Besides the one I beat him in, the only race of Yifter’s I witnessed personally was the 1979 World Cup. This race was also memorable for Gerard Barrett taking his own splits on an early model digital watch, but that’s another story.
Chris Wardlaw, Dave Chettle and I were in Montreal to run the World Marathon Cup, an unofficial marathon piggy-backing on the World Cup (and which subsequently grew into the mass participation Montreal marathon). We went to the stadium to watch the 10,000, in which Yifter sat on Virgin for a long, long way before sprinting away to win by 40-50 metres.
Anyway, Montreal World Cup marathon led me back to Montreal marathon 1980 which, in turn, saw me in Europe with an eye to staying through the winter, picking up some handy ‘expense money’ at cross-country and road races.
My advisor in these matters was Max Little, an Australian runner residing in London. Max was good enough, and unlucky enough, to have got the qualifying time for both the 1976 and 1980 Olympic 10,000 metres but not made the Australian team.
First, though, I wanted to run the Lassen Hölkkä – a ‘half marathon’ run annually in Viren’s home village of Myrskyla. At Max’s suggestion, I wrote to the organisers setting out my modest credentials.
To my surprise, I was offered accommodation. To greater surprise, I read in the paper a few days before the race that a number of athletes had come to honour Viren in his farewell race, including Australian athlete, Len Johnson (I learned this only after seeing my name in a Finnish paper and asking my host to translate!).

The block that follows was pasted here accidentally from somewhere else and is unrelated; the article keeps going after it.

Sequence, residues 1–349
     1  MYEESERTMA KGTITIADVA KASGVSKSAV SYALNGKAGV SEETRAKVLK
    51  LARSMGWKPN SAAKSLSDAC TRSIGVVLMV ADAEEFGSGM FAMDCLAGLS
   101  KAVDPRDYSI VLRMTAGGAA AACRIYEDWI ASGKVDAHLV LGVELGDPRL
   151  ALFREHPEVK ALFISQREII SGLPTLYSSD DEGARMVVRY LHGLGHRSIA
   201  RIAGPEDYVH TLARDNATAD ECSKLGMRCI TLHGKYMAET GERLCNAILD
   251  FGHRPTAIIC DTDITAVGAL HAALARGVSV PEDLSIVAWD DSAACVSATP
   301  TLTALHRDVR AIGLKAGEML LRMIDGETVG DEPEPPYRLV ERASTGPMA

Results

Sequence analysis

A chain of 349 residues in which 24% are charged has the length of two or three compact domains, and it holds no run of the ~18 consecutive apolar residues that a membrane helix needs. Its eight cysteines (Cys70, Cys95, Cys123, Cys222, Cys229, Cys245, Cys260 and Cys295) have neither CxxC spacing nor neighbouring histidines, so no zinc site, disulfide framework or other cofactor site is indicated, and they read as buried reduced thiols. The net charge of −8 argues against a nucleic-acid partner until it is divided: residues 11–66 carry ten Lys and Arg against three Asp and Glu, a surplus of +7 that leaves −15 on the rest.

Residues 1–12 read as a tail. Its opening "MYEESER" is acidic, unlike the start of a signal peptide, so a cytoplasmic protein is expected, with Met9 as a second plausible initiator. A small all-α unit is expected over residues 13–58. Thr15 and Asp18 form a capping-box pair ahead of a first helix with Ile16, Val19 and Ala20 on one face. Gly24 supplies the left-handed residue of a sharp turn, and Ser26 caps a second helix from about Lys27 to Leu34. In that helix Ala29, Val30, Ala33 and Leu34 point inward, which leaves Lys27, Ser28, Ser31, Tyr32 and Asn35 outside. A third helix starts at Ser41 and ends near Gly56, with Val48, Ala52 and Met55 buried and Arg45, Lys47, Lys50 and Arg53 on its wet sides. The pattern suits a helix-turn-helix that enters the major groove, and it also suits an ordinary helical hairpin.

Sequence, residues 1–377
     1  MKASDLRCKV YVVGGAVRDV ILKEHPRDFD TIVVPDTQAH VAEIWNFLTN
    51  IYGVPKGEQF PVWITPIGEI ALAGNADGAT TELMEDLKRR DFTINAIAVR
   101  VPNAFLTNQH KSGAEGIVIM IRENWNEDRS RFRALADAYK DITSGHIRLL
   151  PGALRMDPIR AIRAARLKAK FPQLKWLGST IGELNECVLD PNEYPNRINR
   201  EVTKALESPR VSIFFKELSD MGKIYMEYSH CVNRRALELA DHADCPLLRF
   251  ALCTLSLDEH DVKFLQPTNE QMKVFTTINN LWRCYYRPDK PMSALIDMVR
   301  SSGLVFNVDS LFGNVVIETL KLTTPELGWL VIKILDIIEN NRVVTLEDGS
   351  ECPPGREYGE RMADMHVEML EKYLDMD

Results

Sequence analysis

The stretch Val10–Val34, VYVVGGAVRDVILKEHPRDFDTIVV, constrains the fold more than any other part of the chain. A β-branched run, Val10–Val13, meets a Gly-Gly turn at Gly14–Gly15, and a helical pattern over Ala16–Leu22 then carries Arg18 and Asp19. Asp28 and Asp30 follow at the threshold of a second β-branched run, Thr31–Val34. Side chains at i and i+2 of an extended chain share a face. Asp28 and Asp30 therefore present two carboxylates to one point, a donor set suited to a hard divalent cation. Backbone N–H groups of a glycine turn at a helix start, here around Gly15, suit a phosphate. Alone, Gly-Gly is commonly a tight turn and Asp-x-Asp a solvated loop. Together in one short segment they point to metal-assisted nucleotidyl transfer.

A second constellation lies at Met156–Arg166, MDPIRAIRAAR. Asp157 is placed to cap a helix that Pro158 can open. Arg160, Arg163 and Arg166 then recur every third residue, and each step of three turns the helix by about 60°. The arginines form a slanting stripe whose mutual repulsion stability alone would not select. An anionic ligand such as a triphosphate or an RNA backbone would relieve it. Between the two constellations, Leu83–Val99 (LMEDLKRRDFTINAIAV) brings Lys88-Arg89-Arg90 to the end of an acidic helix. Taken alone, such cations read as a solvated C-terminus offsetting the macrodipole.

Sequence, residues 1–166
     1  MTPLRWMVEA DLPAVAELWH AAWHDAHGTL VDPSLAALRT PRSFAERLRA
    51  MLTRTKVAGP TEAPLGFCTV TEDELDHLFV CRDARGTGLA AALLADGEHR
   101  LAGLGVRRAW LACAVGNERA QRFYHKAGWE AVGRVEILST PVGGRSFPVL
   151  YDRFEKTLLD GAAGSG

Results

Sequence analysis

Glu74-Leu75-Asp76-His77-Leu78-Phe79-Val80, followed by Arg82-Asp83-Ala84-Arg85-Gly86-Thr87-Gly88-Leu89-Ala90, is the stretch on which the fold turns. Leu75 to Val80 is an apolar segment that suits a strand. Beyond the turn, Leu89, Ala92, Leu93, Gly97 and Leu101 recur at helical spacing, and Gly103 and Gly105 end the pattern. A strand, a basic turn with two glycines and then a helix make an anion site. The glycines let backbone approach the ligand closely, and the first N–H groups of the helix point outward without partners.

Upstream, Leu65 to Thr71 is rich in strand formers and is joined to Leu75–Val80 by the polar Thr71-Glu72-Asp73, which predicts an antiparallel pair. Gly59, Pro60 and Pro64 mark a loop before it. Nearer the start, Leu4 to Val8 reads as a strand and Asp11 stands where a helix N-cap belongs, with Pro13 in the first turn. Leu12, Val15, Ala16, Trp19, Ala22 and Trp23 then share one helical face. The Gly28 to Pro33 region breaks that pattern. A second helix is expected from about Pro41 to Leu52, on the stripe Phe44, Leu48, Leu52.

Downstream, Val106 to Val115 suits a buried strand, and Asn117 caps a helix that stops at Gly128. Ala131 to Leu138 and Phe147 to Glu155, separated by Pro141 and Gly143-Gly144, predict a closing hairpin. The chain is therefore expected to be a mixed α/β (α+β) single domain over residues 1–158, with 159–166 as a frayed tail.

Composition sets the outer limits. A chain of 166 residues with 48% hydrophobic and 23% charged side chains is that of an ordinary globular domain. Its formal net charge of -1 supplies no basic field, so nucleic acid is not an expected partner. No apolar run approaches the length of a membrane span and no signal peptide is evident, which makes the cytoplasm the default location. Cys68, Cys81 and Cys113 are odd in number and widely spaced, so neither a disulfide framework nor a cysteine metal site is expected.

To my astonishment, I was met on arrival and whisked off by taxi to the nearest ‘hotel’, a luxurious manor house complete with winding staircases up to the ballroom and down to a reception hall.
A taxi materialised on race morning, dropping me off at the Myrskyla Myrsky club rooms. Apart from myself, the other ‘guest’ runners were Yifter, Brendan Foster, Emiel Puttemans, Kaarlo Maaninka. I mentioned to Foster that I felt a bit of a fraud in such company.
“Shut up and enjoy it,” came the reply. Obediently, I did, right down to breakfast back at the Viren house.
And I beat Yifter (along with a couple of Finnish Olympians), giving me further reason to remember fondly the first great Ethiopian track distance runner. We have seen his like again: Ethiopian success is Yifter’s legacy.
The decision to trip and fall down the steps to the reception room while exploring the manor house on my return was not taken lightly. Nor, unfortunately, was the landing.
About the Author-
Len Johnson wrote for The Melbourne Age as an athletics writer for over 20 years, covering five Olympics, 10 world championships and five Commonwealth Games.
He has been the long-time lead columnist on RT and is one of the world’s most respected athletic writers.
He is also a former national class distance runner (2.19.32 marathon) and trained with Chris Wardlaw and Robert de Castella among other running legends. He is the author of The Landy Era.
Main article photo courtesy of (Tony Duffy/Allsport/File)